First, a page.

If I remember correctly, when you connect the module for the first time, it gets a fixed IP address. You need to set your computer to the same subnet in order to communicate properly. I quickly setup to get an IP address from DHCP to that the device works correctly in my network.
Personally I am an avid Mac user. This presented me with a little problem. The eZmanager tools from Sollae need windows to run. I have a VirtualBox image with Windows XP for this occasion. I tried many times but the eZmanager told me the connection was not made. Very frustrating. I have one Windows 7 machine running as a server in my network so I decided to run the eZmanager tool there. And to my great surprise it worked immediately…
Ok so how to setup the module. There is the option to use a “Multi Mode”. This enables a maximum of three simultanious connections to the module. I selected this option:
And for the serial connection you need to enable TTL, and set Baudrate to 9600, Parity to NONE, Data Bits to 8, Stop Bit to 1 bit and Flow to NONE. The local Port is important, you need that for a connection:
And now we are almost ready to do some work!!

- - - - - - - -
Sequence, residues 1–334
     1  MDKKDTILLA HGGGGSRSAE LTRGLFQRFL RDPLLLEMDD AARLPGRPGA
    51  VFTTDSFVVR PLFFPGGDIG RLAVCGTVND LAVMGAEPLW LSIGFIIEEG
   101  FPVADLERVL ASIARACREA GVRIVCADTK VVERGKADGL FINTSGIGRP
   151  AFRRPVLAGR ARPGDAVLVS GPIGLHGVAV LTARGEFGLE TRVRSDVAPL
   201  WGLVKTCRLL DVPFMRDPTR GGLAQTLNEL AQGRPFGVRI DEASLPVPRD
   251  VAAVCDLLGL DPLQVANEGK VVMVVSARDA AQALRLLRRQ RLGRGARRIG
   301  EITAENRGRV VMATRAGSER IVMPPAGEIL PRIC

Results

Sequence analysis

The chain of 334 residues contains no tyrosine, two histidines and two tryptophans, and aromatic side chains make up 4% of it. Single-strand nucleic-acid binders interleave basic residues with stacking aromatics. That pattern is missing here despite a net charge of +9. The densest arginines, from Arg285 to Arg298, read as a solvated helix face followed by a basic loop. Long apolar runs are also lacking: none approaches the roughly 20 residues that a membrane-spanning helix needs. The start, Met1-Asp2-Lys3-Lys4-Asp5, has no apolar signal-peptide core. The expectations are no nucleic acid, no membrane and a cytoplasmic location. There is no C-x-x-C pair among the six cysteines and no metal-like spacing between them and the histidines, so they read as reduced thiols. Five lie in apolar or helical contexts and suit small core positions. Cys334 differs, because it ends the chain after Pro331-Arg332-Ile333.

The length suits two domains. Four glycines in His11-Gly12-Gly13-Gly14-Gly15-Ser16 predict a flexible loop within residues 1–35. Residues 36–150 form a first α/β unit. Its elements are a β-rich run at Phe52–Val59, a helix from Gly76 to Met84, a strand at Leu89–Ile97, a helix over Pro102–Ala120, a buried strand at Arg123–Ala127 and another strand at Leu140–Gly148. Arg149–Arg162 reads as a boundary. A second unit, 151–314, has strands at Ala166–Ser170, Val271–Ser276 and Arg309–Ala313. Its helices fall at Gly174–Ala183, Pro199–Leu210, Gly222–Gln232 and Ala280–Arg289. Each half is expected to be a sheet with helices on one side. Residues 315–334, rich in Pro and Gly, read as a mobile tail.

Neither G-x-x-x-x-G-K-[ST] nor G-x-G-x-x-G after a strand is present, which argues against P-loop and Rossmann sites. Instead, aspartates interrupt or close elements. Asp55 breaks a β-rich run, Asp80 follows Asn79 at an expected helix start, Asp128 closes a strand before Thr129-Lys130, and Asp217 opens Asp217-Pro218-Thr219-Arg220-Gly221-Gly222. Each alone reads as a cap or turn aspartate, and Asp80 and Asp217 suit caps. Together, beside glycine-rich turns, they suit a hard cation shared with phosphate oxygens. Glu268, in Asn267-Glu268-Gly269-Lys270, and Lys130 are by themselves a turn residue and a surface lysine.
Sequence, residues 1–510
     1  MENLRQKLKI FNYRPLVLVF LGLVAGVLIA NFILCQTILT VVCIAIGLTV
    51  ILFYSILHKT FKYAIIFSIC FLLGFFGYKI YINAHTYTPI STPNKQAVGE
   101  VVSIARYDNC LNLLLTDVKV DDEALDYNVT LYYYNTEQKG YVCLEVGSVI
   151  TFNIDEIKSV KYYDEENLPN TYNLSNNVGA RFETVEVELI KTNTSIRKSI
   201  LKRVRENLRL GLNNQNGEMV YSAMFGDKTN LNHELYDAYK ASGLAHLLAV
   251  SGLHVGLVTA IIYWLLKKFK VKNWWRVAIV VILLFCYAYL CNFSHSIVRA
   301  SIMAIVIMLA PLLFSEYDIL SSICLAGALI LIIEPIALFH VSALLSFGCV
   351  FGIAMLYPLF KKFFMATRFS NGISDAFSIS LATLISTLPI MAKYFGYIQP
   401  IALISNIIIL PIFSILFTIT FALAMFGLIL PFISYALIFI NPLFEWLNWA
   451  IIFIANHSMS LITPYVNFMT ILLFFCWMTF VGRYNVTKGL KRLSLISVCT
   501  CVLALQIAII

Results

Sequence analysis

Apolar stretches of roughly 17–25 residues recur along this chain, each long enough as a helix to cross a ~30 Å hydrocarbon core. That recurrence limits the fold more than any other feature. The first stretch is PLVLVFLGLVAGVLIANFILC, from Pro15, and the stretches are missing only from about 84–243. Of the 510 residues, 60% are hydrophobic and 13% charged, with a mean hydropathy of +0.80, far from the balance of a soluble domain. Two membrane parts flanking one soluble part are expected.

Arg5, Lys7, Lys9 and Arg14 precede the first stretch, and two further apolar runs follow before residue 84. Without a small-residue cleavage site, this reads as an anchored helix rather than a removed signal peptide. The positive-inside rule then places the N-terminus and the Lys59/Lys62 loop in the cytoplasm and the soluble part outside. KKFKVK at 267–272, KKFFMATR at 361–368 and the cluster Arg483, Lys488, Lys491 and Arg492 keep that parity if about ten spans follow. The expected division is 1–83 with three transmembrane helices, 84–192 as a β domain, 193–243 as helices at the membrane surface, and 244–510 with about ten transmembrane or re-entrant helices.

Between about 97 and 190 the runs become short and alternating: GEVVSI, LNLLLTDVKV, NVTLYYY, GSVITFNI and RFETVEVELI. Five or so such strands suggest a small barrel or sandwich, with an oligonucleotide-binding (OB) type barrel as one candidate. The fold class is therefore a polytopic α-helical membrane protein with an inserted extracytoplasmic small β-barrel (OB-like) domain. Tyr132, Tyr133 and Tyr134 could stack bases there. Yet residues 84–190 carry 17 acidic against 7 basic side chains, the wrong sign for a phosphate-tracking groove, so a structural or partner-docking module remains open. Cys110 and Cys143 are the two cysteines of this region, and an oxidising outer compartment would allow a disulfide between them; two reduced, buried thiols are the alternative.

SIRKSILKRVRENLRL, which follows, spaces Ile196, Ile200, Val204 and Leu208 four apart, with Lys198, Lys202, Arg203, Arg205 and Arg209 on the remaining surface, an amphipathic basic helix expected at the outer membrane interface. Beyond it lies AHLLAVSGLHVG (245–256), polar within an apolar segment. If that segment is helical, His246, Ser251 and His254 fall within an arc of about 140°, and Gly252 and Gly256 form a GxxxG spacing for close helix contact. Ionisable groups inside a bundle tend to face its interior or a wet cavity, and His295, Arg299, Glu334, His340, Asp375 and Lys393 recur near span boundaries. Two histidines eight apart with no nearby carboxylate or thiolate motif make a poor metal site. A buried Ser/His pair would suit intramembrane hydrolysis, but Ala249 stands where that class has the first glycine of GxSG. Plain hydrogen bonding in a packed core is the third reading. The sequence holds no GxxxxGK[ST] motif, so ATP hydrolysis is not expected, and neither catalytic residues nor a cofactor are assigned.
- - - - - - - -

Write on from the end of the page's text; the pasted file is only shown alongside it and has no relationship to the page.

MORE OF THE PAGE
We need some devices to control. For this I decided to purchase a dimming device for lighting, something which can be installed out of sight, and a remote control for switching light and general testing purposes, and a window sensor.
I needed a dimming device which can operate in a house with traditional wiring. This means only Live and switching wire and not always a Neutral wire.
What I needed I found with Eltako. They have the FUD61NP-230V device. It can work with certain lamps without N connection.
I ordered the Eltako modules from the shop Batterielos because I could not easily find a Dutch distributor.
Eventually I ordered the following components:
- Eltako Wireless actuator universal dimmer switch FUD61NP-230V
- Eltako FTK Wireless Window/Door contact
- Eltako FMH4 Wireless mini hand-held 4 Kanal 43x43mm, 16mm high
And finally I am ready to start some programming!
Documentation and Tinkering